Dayton-area consumers can get free help navigating open enrollment and understanding if they qualify for discounts by making an appointment at (937) 208-8585 with a specialist at any of the Five Rivers Health Centers locations, said Kim Bramlage, marketing and communications manager.
“The first step is to simply call our offices and make an appointment to come in and meet with our outreach and enrollment specialists,” Bramlage said. “You do not need to be a current patient of Five Rivers Health Centers to get this assistance.”
The marketplaces for individual health insurance plans were one of the signature parts of the Affordable Care Act intended to bring coverage to more people. Marketplace plans have to cover essential health benefits, pre-existing conditions and preventive care.
The exchanges created the option to comparison shop insurance plans with government-regulated consumer protections, and many shoppers qualify for help paying for these insurance plans. However, the Dayton Daily News has previously reported that middle-class consumers who don’t qualify for insurance subsidies could be struggling with the climbing cost of the premiums on top of other medical expenses.
Along with prices starting to stabilize, more options will be offered this year in Ohio.
Ohio Department of Insurance filings show only one county — Logan — will have just one insurer selling individual plans. Last year, 16 counties had only one option.
Based on those filings, 29 counties will have two insurers compared to 33 counties last year. All other Ohio counties will have at least three insurers selling exchange products in 2020.
|Marketplace enrollment|| || |
|Local sign ups declined last open enrollment.|| || |
|Source: Centers for Medicare and Medicaid Services|| |
For 2020, 10 companies have filed to sell on the exchange.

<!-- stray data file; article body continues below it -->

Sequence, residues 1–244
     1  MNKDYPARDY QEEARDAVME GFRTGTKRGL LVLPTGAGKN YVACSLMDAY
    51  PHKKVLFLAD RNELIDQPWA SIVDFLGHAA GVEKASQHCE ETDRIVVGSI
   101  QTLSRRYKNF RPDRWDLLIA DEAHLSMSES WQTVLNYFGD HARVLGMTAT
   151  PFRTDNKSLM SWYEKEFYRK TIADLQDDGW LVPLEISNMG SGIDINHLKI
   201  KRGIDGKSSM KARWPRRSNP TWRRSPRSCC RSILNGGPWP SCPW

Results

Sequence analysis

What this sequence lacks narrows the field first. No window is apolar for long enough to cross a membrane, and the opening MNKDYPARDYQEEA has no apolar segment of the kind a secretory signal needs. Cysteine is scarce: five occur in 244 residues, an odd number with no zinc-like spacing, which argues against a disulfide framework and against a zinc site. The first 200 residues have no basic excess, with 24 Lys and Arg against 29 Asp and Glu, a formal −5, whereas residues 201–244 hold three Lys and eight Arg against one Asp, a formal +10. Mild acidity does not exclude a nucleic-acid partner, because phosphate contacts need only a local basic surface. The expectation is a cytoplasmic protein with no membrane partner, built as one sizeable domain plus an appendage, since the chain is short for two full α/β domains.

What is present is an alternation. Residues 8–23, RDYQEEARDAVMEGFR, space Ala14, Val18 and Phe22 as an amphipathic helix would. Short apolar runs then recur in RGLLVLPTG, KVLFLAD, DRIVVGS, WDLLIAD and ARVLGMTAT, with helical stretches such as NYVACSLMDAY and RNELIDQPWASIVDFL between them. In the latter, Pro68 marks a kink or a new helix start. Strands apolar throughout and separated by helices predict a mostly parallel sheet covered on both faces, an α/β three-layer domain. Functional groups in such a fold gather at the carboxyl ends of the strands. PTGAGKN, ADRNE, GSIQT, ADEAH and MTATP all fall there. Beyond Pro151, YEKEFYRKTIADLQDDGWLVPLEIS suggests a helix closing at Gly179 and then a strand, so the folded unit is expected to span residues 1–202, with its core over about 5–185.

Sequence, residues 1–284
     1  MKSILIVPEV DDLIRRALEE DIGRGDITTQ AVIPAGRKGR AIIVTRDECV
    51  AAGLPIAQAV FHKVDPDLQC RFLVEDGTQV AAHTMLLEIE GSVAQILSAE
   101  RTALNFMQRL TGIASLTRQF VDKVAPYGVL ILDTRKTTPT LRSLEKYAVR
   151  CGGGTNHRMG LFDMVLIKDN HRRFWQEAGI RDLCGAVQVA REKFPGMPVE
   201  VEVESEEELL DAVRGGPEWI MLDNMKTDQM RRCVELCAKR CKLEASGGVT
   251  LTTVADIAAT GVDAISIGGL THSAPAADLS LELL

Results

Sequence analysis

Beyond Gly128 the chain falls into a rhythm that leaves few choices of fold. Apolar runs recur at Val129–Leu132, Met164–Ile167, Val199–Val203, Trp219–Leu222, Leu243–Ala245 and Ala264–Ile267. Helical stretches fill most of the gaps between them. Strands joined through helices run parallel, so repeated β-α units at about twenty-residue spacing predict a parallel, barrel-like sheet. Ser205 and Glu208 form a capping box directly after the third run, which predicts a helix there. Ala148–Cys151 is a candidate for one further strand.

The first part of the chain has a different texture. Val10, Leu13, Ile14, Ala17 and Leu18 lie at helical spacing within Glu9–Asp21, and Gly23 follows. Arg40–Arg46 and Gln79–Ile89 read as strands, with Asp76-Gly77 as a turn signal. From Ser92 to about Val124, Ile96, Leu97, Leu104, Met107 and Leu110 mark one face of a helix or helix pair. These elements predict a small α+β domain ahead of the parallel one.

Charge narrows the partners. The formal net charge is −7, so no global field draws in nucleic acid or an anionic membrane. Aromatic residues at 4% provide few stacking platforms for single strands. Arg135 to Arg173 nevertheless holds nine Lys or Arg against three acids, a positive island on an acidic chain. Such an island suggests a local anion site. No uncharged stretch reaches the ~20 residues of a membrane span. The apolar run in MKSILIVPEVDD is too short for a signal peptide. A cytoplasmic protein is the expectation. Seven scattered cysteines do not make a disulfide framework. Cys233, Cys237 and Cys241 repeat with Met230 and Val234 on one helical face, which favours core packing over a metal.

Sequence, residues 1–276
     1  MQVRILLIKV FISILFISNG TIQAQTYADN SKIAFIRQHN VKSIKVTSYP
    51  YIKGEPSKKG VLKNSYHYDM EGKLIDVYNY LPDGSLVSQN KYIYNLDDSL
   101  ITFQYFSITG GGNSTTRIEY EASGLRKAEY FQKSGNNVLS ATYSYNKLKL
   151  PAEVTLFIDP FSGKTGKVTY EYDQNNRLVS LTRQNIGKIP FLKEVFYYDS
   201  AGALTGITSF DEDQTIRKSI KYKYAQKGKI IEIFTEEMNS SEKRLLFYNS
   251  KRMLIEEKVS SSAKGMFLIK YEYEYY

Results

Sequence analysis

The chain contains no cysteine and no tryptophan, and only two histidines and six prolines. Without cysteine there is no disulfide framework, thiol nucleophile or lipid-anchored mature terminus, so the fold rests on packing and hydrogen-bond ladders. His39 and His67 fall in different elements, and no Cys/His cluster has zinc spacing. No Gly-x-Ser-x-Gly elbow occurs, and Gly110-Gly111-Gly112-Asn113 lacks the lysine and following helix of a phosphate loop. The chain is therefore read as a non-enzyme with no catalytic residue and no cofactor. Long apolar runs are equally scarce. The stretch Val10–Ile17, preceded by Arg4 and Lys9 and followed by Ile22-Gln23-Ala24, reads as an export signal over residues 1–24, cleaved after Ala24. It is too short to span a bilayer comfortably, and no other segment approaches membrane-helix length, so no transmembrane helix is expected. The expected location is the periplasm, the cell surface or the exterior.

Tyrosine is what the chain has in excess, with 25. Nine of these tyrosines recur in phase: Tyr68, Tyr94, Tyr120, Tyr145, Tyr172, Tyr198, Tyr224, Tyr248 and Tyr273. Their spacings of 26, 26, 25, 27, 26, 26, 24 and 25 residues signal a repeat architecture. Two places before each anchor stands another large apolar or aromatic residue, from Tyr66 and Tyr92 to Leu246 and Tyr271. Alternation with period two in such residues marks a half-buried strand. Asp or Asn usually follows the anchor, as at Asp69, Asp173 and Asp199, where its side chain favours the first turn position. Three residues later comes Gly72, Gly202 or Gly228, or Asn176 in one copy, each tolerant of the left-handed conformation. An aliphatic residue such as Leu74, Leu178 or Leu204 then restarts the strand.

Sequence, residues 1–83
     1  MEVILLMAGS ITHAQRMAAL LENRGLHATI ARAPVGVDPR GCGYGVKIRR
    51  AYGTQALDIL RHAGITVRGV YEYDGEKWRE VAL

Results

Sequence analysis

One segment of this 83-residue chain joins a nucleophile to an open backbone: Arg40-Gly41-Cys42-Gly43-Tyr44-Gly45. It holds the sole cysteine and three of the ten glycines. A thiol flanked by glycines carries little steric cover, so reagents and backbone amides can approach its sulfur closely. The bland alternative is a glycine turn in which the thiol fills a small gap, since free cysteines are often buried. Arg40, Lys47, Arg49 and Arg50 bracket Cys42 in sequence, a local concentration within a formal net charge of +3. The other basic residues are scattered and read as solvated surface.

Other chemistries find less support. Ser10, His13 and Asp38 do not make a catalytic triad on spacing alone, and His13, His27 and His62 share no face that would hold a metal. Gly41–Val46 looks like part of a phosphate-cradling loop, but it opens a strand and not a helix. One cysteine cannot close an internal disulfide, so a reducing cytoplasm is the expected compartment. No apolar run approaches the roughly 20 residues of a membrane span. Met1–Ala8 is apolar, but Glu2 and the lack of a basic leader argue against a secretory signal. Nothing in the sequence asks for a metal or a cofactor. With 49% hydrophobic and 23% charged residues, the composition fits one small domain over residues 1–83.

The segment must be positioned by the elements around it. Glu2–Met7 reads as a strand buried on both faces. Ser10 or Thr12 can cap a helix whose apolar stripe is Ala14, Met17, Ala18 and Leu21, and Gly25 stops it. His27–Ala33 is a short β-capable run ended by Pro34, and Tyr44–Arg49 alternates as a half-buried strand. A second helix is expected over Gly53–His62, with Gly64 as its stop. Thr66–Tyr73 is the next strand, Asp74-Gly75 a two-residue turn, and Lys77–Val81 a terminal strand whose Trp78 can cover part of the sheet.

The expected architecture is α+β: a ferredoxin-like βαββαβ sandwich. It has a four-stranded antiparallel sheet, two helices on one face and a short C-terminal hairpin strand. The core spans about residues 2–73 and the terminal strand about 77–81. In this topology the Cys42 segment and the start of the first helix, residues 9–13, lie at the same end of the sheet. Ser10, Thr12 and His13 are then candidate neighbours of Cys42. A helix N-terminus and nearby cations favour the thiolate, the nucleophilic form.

Only a small number of Ohioans — 207,000 out of 8.8 million — sign up for marketplace insurance, and that number has been declining since 2016, when 243,715 selected a plan, according to the Kaiser Family Foundation.
One of the major changes since the exchanges started is that there’s no longer a penalty for being uninsured. The Trump administration also announced last year new rules that allowed for more loosely regulated short-term plans that are cheaper but have less coverage and typically don’t cover people with pre-existing conditions.
Dayton-based CareSource had about 250,000 marketplace enrollees across all markets this year, and the insurer is preparing for the upcoming open enrollment season, when it is expanding into Georgia as well.
The nonprofit insurer has sold marketplace plans from the beginning, including expanding to cover the last bare county in the U.S. when other insurers bolted from the marketplace for 2018.
The business line hasn’t always been profitable for CareSource. Ohio Department of Insurance reported that CareSource took a $19.5 million loss on its marketplace plans in 2017 but then turned around for a $9.5 million net gain in 2018.
“We are confident that Marketplace will continue to perform to our expectations in 2019 and beyond,” said Stephen Ringel, CareSource Ohio Market president. “As a leader who has been in the Marketplace from the beginning, we continue to listen and learn from our consumers to tailor our product to meet their needs.”